In his article “The Summoning”, Ajami criticises Huntington for ignoring the empirical complexities and state interests which drive conflicts in and between civilizations. Ajami believes that states will remain the dominant factor influencing the global framework and interaction. He also argues that civilizational ties are only utilized by states and groups when it is in their best interest to do so and that modernity and secularism are here to stay, especially in places with considerable struggles to obtain them, and he cites the example of the Indian middle class. Ajami also believes that civilizations do not control states; rather, states control civilizations.
Ajami later relented on his initial criticism of Huntington's theories in the January 6, 2008 issue of the New York Times Book Review in an article titled "The Clash" in which he wrote that "Huntington’s thesis about a civilizational clash seems more compelling to me than the critique I provided at that time."
Support for Iraq War
Ajami has been an outspoken supporter of the Iraq War, which he believes "issued out of a deep American frustration... with the culture of terrorism that had put down roots in Arab lands."
In an August 2002 speech before the Veterans of Foreign Wars, US Vice President Dick Cheney sought to assuage concerns about the anticipated US invasion of Iraq, stating: "As for the reaction of the Arab 'street,' the Middle East expert Professor Fouad Ajami predicts that after liberation, the streets in Basra and Baghdad are 'sure to erupt in joy in the same way the throngs in Kabul greeted the Americans.'"
Ajami cautioned the United States about the likely negative consequences of the Iraq War. In a 2003 essay in Foreign Affairs, "Iraq and the Arabs' Future," Ajami wrote,
There should be no illusions about the sort of Arab landscape that America is destined to find if, or when, it embarks on a war against the Iraqi regime. There would be no "hearts and minds" to be won in the Arab world, no public diplomacy that would convince the overwhelming majority of Arabs that this war would be a just war. An American expedition in the wake of thwarted UN inspections would be seen by the vast majority of Arabs as an imperial reach into their world, a favor to Israel, or a way for the United States to secure control over Iraq's oil. No hearing would be given to the great foreign power.
But he also goes on to say:
America ought to be able to live with this distrust and discount a good deal of this anti-Americanism as the "road rage" of a thwarted Arab world – the congenital condition of a culture yet to take full responsibility for its self-inflicted wounds. There is no need to pay excessive deference to the political pieties and givens of the region. Indeed, this is one of those settings where a reforming foreign power's simpler guidelines offer a better way than the region's age-old prohibitions and defects.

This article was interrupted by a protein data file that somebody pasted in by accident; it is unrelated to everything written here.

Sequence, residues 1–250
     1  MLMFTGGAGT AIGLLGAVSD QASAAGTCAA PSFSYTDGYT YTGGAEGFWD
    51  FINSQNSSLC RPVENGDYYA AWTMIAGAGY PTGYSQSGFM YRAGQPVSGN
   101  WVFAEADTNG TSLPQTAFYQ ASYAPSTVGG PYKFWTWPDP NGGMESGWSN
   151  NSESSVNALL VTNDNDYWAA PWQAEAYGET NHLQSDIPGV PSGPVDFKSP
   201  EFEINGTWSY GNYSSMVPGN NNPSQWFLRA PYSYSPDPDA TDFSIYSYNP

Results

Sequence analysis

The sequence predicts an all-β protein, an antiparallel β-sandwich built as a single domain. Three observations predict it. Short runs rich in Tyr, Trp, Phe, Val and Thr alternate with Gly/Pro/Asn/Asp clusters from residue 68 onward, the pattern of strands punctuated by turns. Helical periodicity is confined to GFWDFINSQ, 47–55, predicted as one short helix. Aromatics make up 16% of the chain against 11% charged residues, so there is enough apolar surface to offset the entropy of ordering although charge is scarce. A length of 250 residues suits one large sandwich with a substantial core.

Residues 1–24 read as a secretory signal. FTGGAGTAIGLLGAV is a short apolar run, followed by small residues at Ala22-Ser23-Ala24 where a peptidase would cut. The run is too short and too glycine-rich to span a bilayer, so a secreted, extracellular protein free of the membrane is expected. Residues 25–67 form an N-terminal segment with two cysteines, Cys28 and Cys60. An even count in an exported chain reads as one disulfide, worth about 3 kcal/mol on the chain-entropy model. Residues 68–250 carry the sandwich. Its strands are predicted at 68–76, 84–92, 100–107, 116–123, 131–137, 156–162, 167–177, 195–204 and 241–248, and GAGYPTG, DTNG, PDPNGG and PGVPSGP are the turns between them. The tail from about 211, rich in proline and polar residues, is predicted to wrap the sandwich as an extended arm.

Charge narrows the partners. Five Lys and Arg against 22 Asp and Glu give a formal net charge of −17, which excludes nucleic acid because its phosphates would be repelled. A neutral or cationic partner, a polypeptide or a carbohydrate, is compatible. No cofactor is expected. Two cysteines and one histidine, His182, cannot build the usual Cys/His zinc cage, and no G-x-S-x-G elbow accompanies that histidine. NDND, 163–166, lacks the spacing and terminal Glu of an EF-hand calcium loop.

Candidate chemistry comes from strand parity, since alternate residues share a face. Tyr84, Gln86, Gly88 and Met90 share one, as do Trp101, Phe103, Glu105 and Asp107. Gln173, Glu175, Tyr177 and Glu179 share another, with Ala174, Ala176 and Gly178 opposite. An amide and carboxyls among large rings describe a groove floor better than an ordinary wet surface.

Ajami retained a positive view of the war three years later. In a 2006 book on the invasion and its aftermath, he described it as a noble effort, and argued that despite many unhappy consequences, it was too soon to write it off as a failure.
Vice President Cheney cited Ajami again in an October 21, 2007 speech to the Washington Institute for Near East Policy, stating, "We have no illusions about the road ahead. As Fouad Ajami said recently, Iraq is not yet 'a country at peace, and all its furies have not burned out, but a measure of order has begun to stick on the ground.'"
Eight days after U.S. President Barack Obama took office, a Wall Street Journal op-ed piece by Ajami called Obama a "messenger of the old, settled ways," claimed that the George W. Bush administration's diplomacy had had "revolutionary impact," and chided Obama for not praising the Iraq War. Ajami credited the Egyptian Revolution and Tunisian revolution to the Iraq War and Bush's advocacy of democracy:
He also stated, however, that
In June 2011, Ajami wrote an article for The New Republic arguing that the U.S. troops should remain in Iraq, writing that "the United States will have to be prepared for and accept the losses and adversity that are an integral part of staying on, rightly, in so tangled and difficult a setting." On June 13, 2011 he wrote in the Wall Street Journal about the unrest in Syria that "The mask of the Assad regime finally falls..."
Ajami was a 1982 winner of a five-year MacArthur Prize Fellowship in the arts and sciences. In 2006, he was awarded the National Humanities Medal by President Bush.
Ajami was a member of the Board of Directors of the Council on Foreign Relations, and the Board of Advisors of the journal Foreign Affairs. Ajami was a founding member of ASMEA (The Association for the Study of the Middle East and Africa) and is Vice Chairman of its academic council. Ajami also sat on the editorial board of Middle East Quarterly, a publication of the Middle East Forum think tank. He was a senior fellow at the Hoover Institution and the cochair of their Working Group on Islamism and the International Order.
Fouad A. Ajami (Arabic: فؤاد عجمي; September 18, 1945 – June 22, 2014), was a MacArthur Fellowship winning, Lebanese-born American university professor and writer on Middle Eastern issues. He was a senior fellow at Stanford University's Hoover Institution.
Ajami was an outspoken supporter of the Iraq War, the nobility of which he believed there "can be no doubt".